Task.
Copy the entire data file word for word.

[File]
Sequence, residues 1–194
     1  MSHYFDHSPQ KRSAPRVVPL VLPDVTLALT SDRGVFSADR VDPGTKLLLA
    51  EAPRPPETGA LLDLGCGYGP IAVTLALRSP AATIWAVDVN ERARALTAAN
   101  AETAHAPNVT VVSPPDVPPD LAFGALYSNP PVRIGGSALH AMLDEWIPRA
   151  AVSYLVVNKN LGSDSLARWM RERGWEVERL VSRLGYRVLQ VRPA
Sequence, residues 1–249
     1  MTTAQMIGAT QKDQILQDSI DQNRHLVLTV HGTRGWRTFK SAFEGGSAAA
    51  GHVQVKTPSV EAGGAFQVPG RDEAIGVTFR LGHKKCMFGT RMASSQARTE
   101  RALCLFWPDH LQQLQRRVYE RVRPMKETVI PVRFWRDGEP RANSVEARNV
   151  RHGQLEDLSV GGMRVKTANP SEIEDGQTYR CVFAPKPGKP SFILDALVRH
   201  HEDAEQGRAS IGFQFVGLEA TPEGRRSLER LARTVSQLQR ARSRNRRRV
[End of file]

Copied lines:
Sequence, residues 1–194
     1  MSHYFDHSPQ KRSAPRVVPL VLPDVTLALT SDRGVFSADR VDPGTKLLLA
    51  EAPRPPETGA LLDLGCGYGP IAVTLALRSP AATIWAVDVN ERARALTAAN
   101  AETAHAPNVT VVSPPDVPPD LAFGALYSNP PVRIGGSALH AMLDEWIPRA
   151  AVSYLVVNKN LGSDSLARWM RERGWEVERL VSRLGYRVLQ VRPA
Sequence, residues 1–249
     1  MTTAQMIGAT QKDQILQDSI DQNRHLVLTV HGTRGWRTFK SAFEGGSAAA
    51  GHVQVKTPSV EAGGAFQVPG RDEAIGVTFR LGHKKCMFGT RMASSQARTE
   101  RALCLFWPDH LQQLQRRVYE RVRPMKETVI PVRFWRDGEP RANSVEARNV
   151  RHGQLEDLSV GGMRVKTANP SEIEDGQTYR CVFAPKPGKP SFILDALVRH
   201  HEDAEQGRAS IGFQFVGLEA TPEGRRSLER LARTVSQLQR ARSRNRRRV